Figure 6. Kinetic data depicting fold response of GloSensor™ cAMP HEK293/L9-2 Cell Line when subjected to the indicated compound.

 

GloSensor™ cAMP Reagent Equilibration Optimization

HEK293/L9 cells were prepared and plated in a 384-well microplate at concentrations of 1,000, 2,000 and 5,000 cells/well, eight replicates at each concentration. Post addition of equilibration medium the plate was read in kinetic mode. The baseline signal was monitored for stability to determine minimum time for the GloSensor™ cAMP Reagent to reach equilibrium within the cells.

 

GloSensor™ Cell Titration

HEK293/L9 cells were prepared and plated in a 384-well microplate at concentrations ranging from 1,000-10,000 cells/well in quadruplicate. The plates were incubated overnight and equilibration medium was added followed by room temperature incubation as described above. The plate was pre-read to generate baseline values. Forskolin was added either at 0 or 10 µM 1X fi nal concentration and luminescence was read in kinetic mode. Optimal cell number was determined from fold induction values.

 

ß-Adrenergic Receptor Agonist Titration
The GloSensor™ cAMP Assay allows for a rapid method of ranking agonist potency within 12 minutes post addition of compound. Dose response curves shown in Figure 7 and EC50 values for the test compounds included in Table 1 agree with values previously reported4. Differences in EC50 concentrations are most likely due to the transient expression of the GloSensor™ cAMP biosensor from the pGloSensor™-20F and -22F cAMP Plasmid constructs in a HEK293 background versus stable expression of GloSensor™ cAMP from the HEK293/L9-2 cell line, yet rank order of potency is maintained across the cell lines. A forskolin dose response titration was included as a positive assay control. As one would expect, forskolin shows an increased fold response in comparison to the agonists tested due to direct activation of endogenous adenylate cyclase. The selective, long-acting, full agonist formoterol as well as non-selective, short-acting, full agonist isoproterenol were easily distinguishable from the non-selective, short-acting, partial agonist salbutamol.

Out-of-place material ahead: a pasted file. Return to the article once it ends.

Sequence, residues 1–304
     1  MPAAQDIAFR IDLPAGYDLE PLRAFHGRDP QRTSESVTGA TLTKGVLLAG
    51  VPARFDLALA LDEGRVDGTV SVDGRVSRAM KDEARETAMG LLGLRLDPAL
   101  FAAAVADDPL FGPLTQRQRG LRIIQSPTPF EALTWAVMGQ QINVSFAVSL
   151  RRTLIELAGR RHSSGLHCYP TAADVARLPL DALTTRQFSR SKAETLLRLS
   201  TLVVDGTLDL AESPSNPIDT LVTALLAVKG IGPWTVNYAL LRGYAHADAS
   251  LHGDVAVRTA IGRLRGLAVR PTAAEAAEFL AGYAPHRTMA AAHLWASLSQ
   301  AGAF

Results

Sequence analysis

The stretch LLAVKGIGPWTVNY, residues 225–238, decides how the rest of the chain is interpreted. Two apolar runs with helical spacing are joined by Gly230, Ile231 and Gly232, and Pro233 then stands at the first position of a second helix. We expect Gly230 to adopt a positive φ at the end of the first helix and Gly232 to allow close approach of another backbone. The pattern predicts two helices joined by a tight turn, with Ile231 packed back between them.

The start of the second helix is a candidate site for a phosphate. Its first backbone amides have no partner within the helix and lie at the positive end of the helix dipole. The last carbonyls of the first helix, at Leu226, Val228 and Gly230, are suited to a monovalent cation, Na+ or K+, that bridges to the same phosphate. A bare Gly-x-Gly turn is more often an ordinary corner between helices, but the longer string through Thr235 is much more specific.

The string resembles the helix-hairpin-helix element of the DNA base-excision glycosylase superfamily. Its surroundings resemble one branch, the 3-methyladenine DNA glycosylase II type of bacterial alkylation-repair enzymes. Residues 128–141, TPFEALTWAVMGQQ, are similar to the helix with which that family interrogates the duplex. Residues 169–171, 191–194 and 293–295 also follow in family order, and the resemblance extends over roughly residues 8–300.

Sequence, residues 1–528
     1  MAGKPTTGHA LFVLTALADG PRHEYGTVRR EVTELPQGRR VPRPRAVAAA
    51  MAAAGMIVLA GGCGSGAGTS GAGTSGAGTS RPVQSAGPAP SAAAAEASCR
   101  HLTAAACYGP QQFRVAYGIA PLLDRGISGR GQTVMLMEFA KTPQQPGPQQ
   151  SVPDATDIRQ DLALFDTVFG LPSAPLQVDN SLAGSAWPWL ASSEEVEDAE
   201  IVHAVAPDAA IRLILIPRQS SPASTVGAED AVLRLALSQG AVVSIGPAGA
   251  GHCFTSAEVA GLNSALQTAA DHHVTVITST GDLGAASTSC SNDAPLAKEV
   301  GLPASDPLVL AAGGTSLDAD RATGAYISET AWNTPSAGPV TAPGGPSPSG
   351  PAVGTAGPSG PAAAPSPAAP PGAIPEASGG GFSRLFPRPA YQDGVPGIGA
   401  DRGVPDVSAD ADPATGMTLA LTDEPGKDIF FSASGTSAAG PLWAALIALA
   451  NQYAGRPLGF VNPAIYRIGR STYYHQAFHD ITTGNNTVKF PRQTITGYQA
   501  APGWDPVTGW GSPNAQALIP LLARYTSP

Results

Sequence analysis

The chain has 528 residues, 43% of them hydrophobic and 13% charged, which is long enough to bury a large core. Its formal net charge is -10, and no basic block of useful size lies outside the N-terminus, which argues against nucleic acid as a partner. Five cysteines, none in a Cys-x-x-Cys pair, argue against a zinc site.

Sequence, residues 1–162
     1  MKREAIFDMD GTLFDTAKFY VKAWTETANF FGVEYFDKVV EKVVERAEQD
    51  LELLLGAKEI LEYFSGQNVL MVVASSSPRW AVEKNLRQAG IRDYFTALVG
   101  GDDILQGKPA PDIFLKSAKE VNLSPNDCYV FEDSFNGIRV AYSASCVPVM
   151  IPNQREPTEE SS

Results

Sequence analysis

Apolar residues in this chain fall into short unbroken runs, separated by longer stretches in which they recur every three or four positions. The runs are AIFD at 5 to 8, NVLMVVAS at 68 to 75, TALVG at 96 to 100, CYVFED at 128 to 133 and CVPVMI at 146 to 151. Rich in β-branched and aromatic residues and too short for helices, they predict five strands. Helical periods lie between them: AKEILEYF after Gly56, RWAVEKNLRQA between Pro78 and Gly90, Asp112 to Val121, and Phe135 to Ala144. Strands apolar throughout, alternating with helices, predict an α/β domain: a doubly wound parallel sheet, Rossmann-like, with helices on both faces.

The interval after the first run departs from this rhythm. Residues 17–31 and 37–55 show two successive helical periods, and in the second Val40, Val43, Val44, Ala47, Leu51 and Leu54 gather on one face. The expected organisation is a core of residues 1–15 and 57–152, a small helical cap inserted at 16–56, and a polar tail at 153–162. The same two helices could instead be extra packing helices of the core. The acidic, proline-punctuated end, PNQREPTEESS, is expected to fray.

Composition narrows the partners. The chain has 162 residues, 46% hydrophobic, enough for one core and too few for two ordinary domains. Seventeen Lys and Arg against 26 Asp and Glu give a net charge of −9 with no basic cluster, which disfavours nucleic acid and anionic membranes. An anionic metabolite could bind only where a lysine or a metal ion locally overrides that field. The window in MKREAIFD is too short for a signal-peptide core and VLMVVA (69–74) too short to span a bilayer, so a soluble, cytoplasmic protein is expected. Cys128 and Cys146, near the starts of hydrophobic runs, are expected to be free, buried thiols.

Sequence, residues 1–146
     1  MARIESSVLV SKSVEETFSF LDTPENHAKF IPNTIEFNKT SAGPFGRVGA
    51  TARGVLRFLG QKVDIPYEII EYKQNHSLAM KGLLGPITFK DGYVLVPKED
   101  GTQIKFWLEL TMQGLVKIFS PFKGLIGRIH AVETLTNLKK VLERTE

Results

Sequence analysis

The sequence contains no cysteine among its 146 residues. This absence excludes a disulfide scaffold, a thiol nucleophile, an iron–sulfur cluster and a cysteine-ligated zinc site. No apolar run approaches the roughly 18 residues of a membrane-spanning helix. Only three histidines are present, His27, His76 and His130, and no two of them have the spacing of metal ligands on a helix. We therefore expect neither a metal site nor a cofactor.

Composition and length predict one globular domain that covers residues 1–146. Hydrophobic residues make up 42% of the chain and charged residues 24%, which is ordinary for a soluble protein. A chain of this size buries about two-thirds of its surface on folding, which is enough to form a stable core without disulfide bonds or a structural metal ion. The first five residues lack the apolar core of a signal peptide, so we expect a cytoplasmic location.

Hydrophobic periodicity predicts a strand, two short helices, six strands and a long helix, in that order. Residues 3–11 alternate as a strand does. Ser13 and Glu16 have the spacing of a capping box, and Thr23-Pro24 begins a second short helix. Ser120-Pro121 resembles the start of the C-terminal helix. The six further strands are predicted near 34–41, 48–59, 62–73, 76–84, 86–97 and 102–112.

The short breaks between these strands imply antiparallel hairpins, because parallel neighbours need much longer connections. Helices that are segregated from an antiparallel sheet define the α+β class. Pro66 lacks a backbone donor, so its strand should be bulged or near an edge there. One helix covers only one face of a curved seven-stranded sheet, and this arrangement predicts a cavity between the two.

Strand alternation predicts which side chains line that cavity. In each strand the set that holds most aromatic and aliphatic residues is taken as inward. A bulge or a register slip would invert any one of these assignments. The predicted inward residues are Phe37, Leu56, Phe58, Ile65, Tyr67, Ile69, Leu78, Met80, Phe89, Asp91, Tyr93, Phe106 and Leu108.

Fold response of GloSensor™ cAMP HEK293/ L9-2 cell line when subjected to an 11-point titration of the indicated compound.

Figure 7. Fold response of GloSensor™ cAMP HEK293/ L9-2 cell line when subjected to an 11-point titration of the indicated compound.

 

EC50 concentrations of agonists as determined from dose response curves in Figure 7 compared to data previous reported.

Table 1. EC50 concentrations of agonists as determined from dose response curves in Figure 7 compared to data previous reported.

 

ß-Adrenergic Receptor Agonist Optimization

ß-Adrenergic Receptor Agonist Incubation Time
The optimal agonist incubation time was determined for the ß-adrenergic receptor antagonist ICI 118,551 HCl. Figure 8 represents the fold response of HEK293/L9 cells incubated for 5, 10, 15 and 30 minutes with either 10 µM of ICI 118,551 HCl or 0 concentration ICI controls, followed by a 12 minute incubation with the EC80 concentration of isoproterenol, 20 nM. A nearly complete inhibition is seen within 5 minutes post addition of antagonist. The remainder of the experiments investigating receptor antagonists were conducted with a 10 minute incubation period post antagonist addition prior to addition of agonist.

 Comparison of fold response of GloSensor™ cAMP HEK293/L9-2 Cell Line when subjected to either 10 µM or 0 µM ICI 118,551 HCl.

Figure 8. Comparison of fold response of GloSensor™ cAMP HEK293/L9-2 Cell Line when subjected to either 10 µM or 0 µM ICI 118,551 HCl.

 

ß-Adrenergic Receptor Antagonist Titration